Original URL: http://www.theregister.co.uk/2007/06/12/bae_woolf_audit/
BAE to call in Woolf-led ethics pack
May find it difficult to sell weapons as a result
BAE Systems plc, the arms colossus at the centre of a decades-long stink  over allegedly corrupt arms deals in Saudi Arabia, is to call in Lord Woolf, the former Lord Chief Justice, to validate its business practices.
The BBC reports  that the weapons biz goliath - which says it is the fourth largest defence company worldwide - will set up an "independent ethics panel" led by Lord Woolf in coming months.
Interestingly, the Beeb's biz editor Robert Peston hints that the ethics panel may have been the brainchild of the non-executive part-timers on BAE's board .
This group, led by former BP No.2 Dick Olver , may be feeling a tad unsettled at having their names linked to the rather swashbuckling sales tactics BAE is said to have employed.
CEO Mike Turner  and the other two UK-based operations men, Ian King  and Chris Geoghegan , all joined BAE's precursor companies straight from university and have been hardcore British arms-industry types for their entire working lives (the group finance boss, George Rose , is a comparative newcomer, however, and USA-based chief Walt Havenstein  is a former US Marine).
The ethics committee could be a false move, as its set-up effectively admits that BAE has a serious image problem. Worse, its remit will apparently be limited to current operations, without any inconvenient harking back to the past. As the long catalogue of allegations against BAE dates from the 1980s, even a solid upcheck from Lord Woolf is unlikely to silence the company's critics.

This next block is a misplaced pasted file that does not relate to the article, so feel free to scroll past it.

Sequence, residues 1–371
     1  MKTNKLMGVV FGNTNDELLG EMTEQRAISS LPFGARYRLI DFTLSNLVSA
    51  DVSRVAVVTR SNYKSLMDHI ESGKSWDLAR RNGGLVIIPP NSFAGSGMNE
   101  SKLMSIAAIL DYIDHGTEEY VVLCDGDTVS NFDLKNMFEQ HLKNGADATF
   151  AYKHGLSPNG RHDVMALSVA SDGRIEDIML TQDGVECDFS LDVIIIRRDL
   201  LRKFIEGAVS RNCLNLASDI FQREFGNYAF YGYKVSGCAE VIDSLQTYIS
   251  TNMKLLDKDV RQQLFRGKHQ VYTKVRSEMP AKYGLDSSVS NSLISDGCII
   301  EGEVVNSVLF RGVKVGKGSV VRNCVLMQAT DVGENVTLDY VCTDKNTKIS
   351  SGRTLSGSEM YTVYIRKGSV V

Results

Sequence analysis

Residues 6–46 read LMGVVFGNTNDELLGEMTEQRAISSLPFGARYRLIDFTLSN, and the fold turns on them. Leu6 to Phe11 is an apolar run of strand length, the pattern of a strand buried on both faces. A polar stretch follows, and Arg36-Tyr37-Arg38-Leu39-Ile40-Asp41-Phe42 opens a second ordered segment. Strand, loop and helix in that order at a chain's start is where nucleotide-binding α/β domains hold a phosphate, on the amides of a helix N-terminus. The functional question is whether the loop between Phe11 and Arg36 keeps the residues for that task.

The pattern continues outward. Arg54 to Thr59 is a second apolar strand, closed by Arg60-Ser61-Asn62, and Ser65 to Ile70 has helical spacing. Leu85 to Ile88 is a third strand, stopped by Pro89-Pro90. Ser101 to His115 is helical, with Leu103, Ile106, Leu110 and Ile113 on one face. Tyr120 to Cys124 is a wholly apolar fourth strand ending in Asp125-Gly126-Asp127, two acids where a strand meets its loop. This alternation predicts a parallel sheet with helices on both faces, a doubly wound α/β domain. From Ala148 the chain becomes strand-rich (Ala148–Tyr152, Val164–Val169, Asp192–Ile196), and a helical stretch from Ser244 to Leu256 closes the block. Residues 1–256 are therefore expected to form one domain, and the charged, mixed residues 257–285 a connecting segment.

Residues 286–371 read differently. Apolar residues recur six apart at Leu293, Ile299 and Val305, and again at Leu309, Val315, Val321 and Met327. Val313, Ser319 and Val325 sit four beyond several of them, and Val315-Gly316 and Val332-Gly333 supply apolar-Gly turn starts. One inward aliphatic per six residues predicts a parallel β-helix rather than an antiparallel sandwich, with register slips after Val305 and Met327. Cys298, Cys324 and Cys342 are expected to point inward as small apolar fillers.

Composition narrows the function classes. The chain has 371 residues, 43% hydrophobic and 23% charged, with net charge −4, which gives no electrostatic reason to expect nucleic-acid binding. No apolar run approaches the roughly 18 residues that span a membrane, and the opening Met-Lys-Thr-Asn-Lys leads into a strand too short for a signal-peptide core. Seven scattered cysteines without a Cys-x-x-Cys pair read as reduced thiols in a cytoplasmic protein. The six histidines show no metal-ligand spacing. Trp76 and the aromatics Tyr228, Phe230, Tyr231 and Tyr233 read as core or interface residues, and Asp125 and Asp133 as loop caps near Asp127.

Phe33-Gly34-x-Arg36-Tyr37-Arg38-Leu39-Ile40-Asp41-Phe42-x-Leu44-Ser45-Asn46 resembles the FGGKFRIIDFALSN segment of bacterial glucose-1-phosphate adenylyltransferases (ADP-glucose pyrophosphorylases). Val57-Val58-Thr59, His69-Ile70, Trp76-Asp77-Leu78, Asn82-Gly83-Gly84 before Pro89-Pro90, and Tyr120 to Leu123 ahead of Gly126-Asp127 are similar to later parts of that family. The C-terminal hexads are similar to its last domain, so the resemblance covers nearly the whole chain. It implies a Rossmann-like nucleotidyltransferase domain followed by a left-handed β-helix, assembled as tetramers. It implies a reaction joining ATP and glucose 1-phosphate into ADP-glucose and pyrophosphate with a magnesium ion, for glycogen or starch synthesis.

Conceivably, it might ease the ongoing BAE push into the US market , but Capitol Hill opponents of this are probably motivated by protectionism as much as probity. Ethics validation won't take away any of their ammunition.
And, worse still, the company probe could be bad news for sales and investor relations. Given the realities of the worldwide arms trade, many people might be reluctant to buy kit from or shares in a weapons maker known to be undergoing an internal effort to root out kickbacks and bribery. ®